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Eduard Strasburger.

Eduard Adolf Strasburger (1 February 1844, Warsaw – 19 May 1912 Bonn) was a Polish-German professor who was one of the most famous botanists of the 19th century.

He was born in Warsaw, Poland, son of Edward Bogumil Strasburger (1803–1874). In 1870 he married Aleksandra Julja Wertheim (1847–1902), and had two children: Anna (b.1870) and Juliusz (1871–1934).

Strasburger studied natural sciences in Paris, Bonn and Jena, receiving a PhD in 1866 after working with Nathanael Pringsheim. In 1868 he taught at the University of Warsaw. In 1869 he was appointed professor of botany at the University of Jena. Since 1881 he was head of the Botanisches Institut at the University of Bonn.

In botany, his auctorial abbreviation is Strasb.

Contents

Accomplishments

Strasburger was a founder of the famous Lehrbuch der Botanik für Hochschulen (Textbook of Botany), which first appeared in 1894. He was the first to provide an accurate description of the embryonic sac in gymnosperms (such as conifers) and angiosperms (flowering plants), along with demonstrating double-fertilization in angiosperms. He came up with one of the modern laws of plant cytology: "New cell nuclei can only arise from the division of other nuclei." and originated the terms cytoplasm and nucleoplasm.

Together with Walther Flemming, and Edouard van Beneden he elucidated chromosome distribution during cell division. His work on the upward movement of tree sap proved that the process was physical and not physiological.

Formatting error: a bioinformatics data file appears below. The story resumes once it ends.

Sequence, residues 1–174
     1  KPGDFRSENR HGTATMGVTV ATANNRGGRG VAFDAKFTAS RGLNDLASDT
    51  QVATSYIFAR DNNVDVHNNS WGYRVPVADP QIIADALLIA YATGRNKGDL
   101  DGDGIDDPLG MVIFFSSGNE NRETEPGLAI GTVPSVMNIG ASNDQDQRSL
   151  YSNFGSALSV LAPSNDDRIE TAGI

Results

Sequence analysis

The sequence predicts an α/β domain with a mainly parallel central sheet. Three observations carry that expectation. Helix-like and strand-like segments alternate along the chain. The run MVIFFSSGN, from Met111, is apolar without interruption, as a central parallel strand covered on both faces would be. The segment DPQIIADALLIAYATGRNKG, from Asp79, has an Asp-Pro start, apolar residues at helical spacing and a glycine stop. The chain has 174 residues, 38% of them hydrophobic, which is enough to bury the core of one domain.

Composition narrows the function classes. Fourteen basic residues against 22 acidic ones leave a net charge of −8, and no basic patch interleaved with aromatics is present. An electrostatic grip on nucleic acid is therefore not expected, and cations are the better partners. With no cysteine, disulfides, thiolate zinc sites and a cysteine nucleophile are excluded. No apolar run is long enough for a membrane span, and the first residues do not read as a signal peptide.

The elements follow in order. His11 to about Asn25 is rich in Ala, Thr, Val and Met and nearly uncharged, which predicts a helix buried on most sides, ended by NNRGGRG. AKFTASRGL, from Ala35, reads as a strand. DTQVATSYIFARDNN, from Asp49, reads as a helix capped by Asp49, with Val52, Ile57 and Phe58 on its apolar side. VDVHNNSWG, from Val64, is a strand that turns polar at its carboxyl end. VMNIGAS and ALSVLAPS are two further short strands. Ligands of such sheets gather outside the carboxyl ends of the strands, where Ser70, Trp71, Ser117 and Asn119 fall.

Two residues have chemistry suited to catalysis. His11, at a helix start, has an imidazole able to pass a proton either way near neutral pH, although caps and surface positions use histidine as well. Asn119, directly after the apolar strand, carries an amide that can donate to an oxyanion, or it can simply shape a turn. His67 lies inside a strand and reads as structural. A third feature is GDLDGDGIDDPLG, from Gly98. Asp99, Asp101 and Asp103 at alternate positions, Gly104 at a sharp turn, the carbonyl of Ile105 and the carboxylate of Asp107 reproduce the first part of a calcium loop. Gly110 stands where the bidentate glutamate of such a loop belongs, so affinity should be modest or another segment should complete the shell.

Awards

He was awarded the Linnean Society of London's prestigious Darwin-Wallace Medal in 1908.

Bibliography

  • "On Cell Formation and Cell Division", 1876 – a book in which he set forth the basic principles of mitosis
  • 1894 textbook Textbook of Botany (written with colleagues)

References

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Simple English

[[File:|thumb|Eduard Strasburger]] Eduard Adolf Strasburger (Warsaw, 1 February 1844 – Bonn, 19 May 1912) was a Polish-German professor who was one of the most famous botanists of the 19th century.

In 1868 he taught at the University of Warsaw. In 1869 Strasburger was appointed professor of botany at the University of Jena. After 1881 he was head of the Botanisches Institut at the University of Bonn.

Contents

Accomplishments

Strasburger was a founder of the famous Lehrbuch der Botanik für Hochschulen (Textbook of Botany), which first appeared in 1894. He was the first to provide an accurate description of the embryonic sac in gymnosperms (such as conifers) and angiosperms (flowering plants), along with demonstrating double-fertilization in angiosperms. He came up with one of the modern laws of plant cytology: "New cell nuclei can only arise from the division of other nuclei", and originated the terms cytoplasm and nucleoplasm.

At about the same time as Walther Flemming, and Edouard van Beneden, he worked out chromosome movement during mitosis in plant cells. His work on the upward movement of tree sap proved that the process was physical and not physiological.

Awards

He was awarded the Linnean Society's prestigious Darwin-Wallace Medal in 1908.

Bibliography

  • "On Cell Formation and Cell Division", 1876 – a book in which he set forth the basic principles of mitosis
  • 1894 textbook Textbook of Botany (written with colleagues)

References


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